"We haven't disrupted the black market significantly at this point, but that was to be expected," said Abbotsford Police Chief Mike Serr, who chairs the Canadian Association of Chiefs of Police drug advisory committee.
Sky didnt fall: Police, lawyers still adjusting after pot legalization
"If there is a strong, vibrant dark market out there selling illegal drugs, people will go to that and we need to direct them to the legal market."
Statistics Canada says 541 people were charged under the federal Cannabis Act between Oct. 17, 2018 and the end of the year. That includes 190 people charged with various selling offences and 95 people charged with possessing illicit cannabis or more than 30 grams.
How Alberta emerged as Canadas unexpected pot capital, one year post-legalization
When the Liberal government legalized recreational marijuana use exactly one year ago, it promised to siphon away the black market's customer base and keep their money out of the hands of organized crime.
Given its illegal nature, it's hard to get a handle on the size and value of the black market — but according to Statistics Canada, just 29 per cent of cannabis users say they get all of their product from a legal source.
And four in 10 Canadians told StatsCan they bought at least some of their cannabis from illegal sources, including street dealers, between April and June of this year, according to the agency's most recent figures.
Serr said whoever forms government after Monday's federal election will have to start putting more resources into fighting online sales.
"The public don't know that when they're going online, typically the first three or four sites that will come up online will be illegal sites to purchase cannabis," said Serr. "We're working nationally to try to find some solutions."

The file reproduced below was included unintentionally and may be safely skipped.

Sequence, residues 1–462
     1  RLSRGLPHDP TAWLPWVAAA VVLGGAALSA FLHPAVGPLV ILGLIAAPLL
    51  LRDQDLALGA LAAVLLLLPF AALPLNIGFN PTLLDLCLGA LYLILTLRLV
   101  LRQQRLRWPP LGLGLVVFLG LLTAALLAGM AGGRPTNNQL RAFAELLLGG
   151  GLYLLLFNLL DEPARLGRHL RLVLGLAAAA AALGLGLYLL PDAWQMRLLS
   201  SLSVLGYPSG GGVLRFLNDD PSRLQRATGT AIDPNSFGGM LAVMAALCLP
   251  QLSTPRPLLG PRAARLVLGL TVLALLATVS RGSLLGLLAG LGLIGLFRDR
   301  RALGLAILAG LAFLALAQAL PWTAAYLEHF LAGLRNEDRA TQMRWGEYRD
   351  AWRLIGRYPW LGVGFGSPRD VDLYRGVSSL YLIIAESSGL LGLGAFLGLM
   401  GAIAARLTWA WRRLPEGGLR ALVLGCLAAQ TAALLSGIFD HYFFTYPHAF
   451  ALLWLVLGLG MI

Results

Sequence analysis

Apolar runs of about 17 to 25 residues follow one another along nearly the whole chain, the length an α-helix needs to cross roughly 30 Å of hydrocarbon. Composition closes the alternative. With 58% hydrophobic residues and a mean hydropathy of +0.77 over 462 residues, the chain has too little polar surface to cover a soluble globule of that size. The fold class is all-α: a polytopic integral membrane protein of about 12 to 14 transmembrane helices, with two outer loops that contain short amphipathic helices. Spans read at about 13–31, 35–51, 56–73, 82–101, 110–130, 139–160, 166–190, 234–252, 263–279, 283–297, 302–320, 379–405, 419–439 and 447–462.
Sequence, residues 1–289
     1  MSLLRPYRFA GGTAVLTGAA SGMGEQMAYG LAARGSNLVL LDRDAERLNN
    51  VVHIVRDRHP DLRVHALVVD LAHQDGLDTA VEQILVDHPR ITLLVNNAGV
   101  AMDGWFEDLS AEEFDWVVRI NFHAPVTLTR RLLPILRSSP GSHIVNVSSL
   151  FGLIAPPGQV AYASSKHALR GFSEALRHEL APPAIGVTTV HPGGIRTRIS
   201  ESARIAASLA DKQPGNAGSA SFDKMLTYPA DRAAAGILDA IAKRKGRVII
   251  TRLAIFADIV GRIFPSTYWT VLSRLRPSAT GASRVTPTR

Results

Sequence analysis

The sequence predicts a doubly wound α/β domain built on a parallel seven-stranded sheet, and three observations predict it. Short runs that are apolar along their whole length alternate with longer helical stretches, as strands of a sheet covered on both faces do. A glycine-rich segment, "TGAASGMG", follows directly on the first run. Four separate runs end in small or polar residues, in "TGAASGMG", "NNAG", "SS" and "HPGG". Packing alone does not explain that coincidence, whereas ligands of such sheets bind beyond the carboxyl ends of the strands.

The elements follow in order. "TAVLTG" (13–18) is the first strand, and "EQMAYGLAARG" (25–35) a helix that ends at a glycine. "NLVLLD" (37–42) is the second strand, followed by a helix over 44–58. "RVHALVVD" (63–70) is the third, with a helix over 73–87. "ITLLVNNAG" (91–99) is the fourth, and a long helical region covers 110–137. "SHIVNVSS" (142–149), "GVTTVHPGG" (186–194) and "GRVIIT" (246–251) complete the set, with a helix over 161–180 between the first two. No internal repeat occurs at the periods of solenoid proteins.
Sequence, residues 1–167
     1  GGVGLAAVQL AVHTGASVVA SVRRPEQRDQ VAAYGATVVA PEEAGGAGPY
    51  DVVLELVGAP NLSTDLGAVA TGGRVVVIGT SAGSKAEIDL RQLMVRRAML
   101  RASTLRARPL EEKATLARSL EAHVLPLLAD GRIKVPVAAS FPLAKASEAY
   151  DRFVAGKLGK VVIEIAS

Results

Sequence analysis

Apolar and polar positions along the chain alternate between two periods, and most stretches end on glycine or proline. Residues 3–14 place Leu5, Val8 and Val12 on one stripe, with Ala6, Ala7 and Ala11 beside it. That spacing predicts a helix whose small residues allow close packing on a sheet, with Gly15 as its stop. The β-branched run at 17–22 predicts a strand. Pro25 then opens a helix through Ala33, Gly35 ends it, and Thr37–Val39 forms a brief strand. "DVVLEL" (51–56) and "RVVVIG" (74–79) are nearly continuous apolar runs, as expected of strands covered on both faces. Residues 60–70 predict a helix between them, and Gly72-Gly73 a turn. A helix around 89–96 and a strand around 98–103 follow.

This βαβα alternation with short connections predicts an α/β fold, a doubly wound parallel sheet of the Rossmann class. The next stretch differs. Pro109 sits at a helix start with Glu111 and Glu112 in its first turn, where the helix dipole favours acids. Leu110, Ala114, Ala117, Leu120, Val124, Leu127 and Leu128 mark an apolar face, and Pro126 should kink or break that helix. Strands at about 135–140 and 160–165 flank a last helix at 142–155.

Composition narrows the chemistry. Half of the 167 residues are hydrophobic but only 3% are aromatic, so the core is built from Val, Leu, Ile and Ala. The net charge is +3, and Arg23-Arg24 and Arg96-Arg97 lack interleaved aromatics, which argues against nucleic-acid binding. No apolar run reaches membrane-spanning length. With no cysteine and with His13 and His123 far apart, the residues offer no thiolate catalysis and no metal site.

Economics professor Michael Armstrong has been studying the cannabis market. He said three factors — cost, location and supply — have kept the black market booming.
"[In] Ontario, we had no stores for six months. Now we've got 25 and we're still waiting for the next 50. That means the legal industry is missing an opportunity to sell product and take a bigger bite out of the black market," he said
Using crowdsourced data, Statistics Canada reported that a gram of cannabis purchased from government-approved retailers cost $10.23 in the third quarter.
"Weve got a long ways to go to make sure that weve got fair and sensible regulations, but cannabis is legal and we should be very proud of that," said Lloyd.
Statistics Canada has urged caution when interpreting its cannabis numbers, since the data are self-submitted.
"People find that the black market is servicing them a lot better than the legal marijuana stores," said Brown, vice-president of the Criminal Lawyers Association.
"We cant call it a success at this point," Chief Const. Mike Serr of the Abbotsford, B.C., police department said of the law change a year ago Thursday.
While the black market persists, Serr said other worries about legalization — such as fears of a spike in impaired driving stats — have turned out to be overblown.